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Buttermilk Pie Crust

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Buttermilk Pie Crust
Most pie crusts are made with flour, butter and water, with a pinch of salt and sugar to add a little bit of additional flavor. The three basic ingredients change in proportion from recipe to recipe, but they are rarely replaced. This Buttermilk Pie Crust is a departure from my “usual” pie crust recipe because it uses buttermilk instead of water to bind the ingredients together.

Buttermilk has a few different functions in the recipe. The first is adding additional flavor to the crust. Buttermilk – as the name suggests – has a slightly tangy, buttery flavor that is delicious in all kinds of baked goods, from scones to cakes, and this pie crust recipe is no exception. The crust has a wonderfully butter flavor after baking. The buttermilk also helps to both tenderize the crust and encourage it to brown. This means that the baked crust will still be flaky, but it will be a bit more tender (and easier to cut through with a fork) overall than a crust made with water alone. The crust will also have a lovely golden brown hue after it comes out of the oven.

The dough is supple and easy to roll out. It doesn’t “shrink” quite as much while you are rolling it or when it is baking. This makes it an excellent choice for crusts that need to be pre-baked before they are filled, or for tarts where you want the crust to cling closely to the fluted edge of a pan. You still need to use pie weights, however, to ensure that your crust stays exactly where you want it to before your filling is added.

This crust is a wonderful addition to your repertoire of pie recipes. It works well with all kinds of fillings, though I particularly like it for quick-cooking galettes (my Blackberry Galette is pictured above) and for pies where the crust is baked before the filling is added, as is the case with many custard pies.

This recipe makes enough dough for a 9-inch double-crust pie, as well as instructions for baking a single-crust pie. When preparing the dough, divide it in half and wrap up each portion separately, that way you can use one and save one. The unbaked crust will keep for 2-3 days in the refrigerator, but can be frozen and thawed before baking if you need to store it longer.

Buttermilk Pie Crust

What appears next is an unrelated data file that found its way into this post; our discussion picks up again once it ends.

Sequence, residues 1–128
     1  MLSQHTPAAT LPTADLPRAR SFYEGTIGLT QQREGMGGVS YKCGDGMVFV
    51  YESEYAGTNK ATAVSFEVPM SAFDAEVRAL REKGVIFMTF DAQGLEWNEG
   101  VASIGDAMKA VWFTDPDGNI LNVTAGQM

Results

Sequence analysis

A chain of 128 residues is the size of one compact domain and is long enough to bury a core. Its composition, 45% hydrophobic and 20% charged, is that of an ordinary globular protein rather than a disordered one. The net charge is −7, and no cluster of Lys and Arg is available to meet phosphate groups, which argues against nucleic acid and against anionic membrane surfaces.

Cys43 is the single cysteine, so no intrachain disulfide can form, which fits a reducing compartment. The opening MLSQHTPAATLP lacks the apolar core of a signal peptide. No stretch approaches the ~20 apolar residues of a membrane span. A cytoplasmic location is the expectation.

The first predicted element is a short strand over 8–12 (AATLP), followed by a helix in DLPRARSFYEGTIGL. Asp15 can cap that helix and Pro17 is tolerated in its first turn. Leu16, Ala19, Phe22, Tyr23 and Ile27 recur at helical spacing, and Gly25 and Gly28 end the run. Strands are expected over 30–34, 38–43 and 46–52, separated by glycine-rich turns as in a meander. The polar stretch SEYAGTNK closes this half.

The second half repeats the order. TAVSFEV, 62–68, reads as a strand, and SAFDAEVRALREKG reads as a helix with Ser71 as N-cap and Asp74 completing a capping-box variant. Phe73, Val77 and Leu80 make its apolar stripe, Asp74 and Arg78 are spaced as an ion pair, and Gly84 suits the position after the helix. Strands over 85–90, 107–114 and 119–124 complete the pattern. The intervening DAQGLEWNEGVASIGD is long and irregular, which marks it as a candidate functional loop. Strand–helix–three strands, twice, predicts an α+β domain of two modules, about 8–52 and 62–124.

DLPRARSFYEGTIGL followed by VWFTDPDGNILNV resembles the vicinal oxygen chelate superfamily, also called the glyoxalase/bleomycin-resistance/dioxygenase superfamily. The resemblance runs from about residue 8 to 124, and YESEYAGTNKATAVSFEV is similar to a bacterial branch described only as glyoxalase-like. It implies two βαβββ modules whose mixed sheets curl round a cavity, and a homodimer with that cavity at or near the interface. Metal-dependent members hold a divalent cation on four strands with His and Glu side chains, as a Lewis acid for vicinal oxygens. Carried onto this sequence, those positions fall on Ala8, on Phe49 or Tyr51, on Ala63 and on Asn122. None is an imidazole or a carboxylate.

2 1/4 cups all purpose flour
1/2 tsp salt
2 tsp sugar
3/4 cup butter, cold and cut into several pieces
1/2 cup buttermilk

In a food processor, combine flour, salt and sugar. Pulse to combine, then add in cold butter and pulse 5-6 times until it is broken up a bit. Add in buttermilk and continue to pulse until the dough starts to come together. When dough starts to stick together and ceases to look sandy, turn the dough out onto a piece of parchment paper or a smooth countertop and press together gently.
Divide the dough in half and shape each piece into a disc. Wrap each piece individually in plastic wrap and refrigerate for at least 1 hour, or until ready to use.

Makes dough for 1 9-inch double crust pie.

To prebake a 9-inch pie shell:
Preheat oven to 375F.
Take one disc of dough and roll it out into a roughly 11-inch circle, ensuring that your crust will cover the sides of the pan.
Carefully transfer dough to pie pan and press it down gently, without stretching it, into the corners of the pan. Crimp the edges of the crust (or use scissors to remove excess). Chill for 15 minutes.
Line crust with a piece of parchment paper or aluminum foil. Fill with beans, rice or pie weights.
Bake for 20 minutes, then remove the parchment and the pie weights and bake for an additional 15-20 minutes, or until crust is golden brown. Allow crust to cool completely before filling.
Baked crust can be made 1 day ahead of time.

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  • Marilyn
    August 24, 2015

    Do you think this recipe would work with a gluten-free flour such as Better Batter or King Arthur GF flour? I’m so intrigued!

  • Adina
    August 25, 2015

    I am certainly curious about this, I have never made pie crust with buttermilk. Do you know how many grams or ounces butter are in 3/4 cup? I find it so hard to measure like that, especially when it comes to butter. Thank you.

  • Nicole
    August 25, 2015

    Marilyn – You can absolutely try this with gluten free flour.

    Adina – It is 6 oz of butter. 1 oz of butter is 2 tablespoons, and if you keep that in mind, butter conversions will be easy!

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